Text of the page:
A few years ago, Bowers read The Business of Charity: The Woman's Exchange Movement, 1832-1900, by historian Kathleen Waters Sander. The book details the history of a movement that created more than 70 exchanges around the country, shops in which genteel women who had fallen on hard times could sell handiwork on consignment. The Baltimore exchange, founded more than a century ago, still sells crafts as well as meals and baked goods. Captivated by the book, Bowers approached Sander and the two decided to collaborate on a film. Their project drew on $35,000 in funding from sources including the Ensign Markland Kelly Foundation, the Maryland State Arts Council, and Preservation Maryland.

One challenge: creating interesting film footage about people who practically define quiet self-effacement. The waitresses and other people who have worked for the Exchange for decades, some in their 80s, were not used to talking about themselves. "How do you make something cinematic that by its nature is a subject about quiet acts of kindness?" asks Bowers. "How do you tell a story from points of view of people who really just want to be quiet?"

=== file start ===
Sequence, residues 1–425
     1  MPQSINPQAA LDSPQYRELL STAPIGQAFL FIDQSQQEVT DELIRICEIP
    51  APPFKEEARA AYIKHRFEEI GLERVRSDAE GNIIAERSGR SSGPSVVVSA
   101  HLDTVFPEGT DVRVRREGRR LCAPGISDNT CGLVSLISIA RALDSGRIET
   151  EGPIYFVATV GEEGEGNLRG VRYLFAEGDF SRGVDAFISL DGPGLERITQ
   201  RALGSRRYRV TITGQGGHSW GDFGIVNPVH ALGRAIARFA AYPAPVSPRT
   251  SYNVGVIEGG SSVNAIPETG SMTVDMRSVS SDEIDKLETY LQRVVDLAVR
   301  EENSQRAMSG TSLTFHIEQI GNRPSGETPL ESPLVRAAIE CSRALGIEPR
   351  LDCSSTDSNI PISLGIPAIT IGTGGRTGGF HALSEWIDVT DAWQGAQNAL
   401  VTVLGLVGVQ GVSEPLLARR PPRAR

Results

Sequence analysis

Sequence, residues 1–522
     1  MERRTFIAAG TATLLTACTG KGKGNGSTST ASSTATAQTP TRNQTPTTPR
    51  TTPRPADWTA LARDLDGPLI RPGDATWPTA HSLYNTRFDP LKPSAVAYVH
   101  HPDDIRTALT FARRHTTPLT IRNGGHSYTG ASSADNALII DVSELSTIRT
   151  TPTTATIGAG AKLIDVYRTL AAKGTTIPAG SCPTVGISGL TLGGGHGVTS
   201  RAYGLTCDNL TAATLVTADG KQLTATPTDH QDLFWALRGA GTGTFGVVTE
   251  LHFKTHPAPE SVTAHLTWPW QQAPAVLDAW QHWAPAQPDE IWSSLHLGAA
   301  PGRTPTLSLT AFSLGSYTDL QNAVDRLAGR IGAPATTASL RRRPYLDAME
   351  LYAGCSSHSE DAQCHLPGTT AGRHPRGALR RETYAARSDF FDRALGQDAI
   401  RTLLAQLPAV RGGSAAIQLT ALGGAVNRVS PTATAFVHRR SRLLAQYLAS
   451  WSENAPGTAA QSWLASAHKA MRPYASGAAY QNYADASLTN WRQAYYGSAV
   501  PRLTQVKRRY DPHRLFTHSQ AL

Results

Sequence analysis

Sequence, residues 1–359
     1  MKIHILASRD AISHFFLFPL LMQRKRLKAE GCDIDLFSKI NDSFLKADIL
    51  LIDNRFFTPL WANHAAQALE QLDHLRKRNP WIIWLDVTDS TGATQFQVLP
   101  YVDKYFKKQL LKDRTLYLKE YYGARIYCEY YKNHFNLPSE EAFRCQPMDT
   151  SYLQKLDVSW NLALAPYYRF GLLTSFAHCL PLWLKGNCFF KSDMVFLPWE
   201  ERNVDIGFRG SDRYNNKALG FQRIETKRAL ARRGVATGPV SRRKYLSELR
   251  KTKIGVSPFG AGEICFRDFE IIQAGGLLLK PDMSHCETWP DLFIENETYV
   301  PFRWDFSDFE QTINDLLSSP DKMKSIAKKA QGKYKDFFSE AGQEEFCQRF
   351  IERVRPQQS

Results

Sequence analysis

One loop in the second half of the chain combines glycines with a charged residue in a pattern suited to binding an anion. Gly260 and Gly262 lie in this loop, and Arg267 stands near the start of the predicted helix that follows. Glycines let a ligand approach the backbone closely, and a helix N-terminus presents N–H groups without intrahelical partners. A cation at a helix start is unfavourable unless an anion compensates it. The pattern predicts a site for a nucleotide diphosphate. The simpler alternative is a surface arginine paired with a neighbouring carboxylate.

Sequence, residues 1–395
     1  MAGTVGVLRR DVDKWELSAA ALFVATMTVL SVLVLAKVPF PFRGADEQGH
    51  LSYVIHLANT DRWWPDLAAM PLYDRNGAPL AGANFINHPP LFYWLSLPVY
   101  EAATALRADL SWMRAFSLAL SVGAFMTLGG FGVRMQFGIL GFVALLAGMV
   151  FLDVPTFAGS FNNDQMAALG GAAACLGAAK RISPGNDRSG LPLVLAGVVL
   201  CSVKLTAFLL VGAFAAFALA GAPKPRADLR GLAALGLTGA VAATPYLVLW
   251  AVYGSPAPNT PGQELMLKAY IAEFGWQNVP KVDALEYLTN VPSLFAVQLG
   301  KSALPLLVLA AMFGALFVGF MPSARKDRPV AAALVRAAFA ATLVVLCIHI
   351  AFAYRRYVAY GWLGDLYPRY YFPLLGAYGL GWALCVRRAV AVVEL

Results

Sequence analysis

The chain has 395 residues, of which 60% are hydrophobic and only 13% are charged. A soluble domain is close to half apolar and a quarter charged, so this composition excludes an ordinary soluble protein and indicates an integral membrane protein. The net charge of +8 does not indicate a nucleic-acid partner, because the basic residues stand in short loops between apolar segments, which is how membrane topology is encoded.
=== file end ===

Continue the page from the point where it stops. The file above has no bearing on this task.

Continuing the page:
Adds Pittroff, "We didn't realize this until the end, but there's no conflict in the film. Eight times out of 10, conflict drives any movie."

Not a Lady Among Us! had its premiere at Baltimore's historic Senator Theatre last November. Bowers and Pittroff hope that film festivals and perhaps the PBS television network will show their documentary, as well. Says Pittroff, "All of the people we interviewed were incredibly interesting and charming. Somehow, for 28 minutes, the film moves without having any real direction." --DK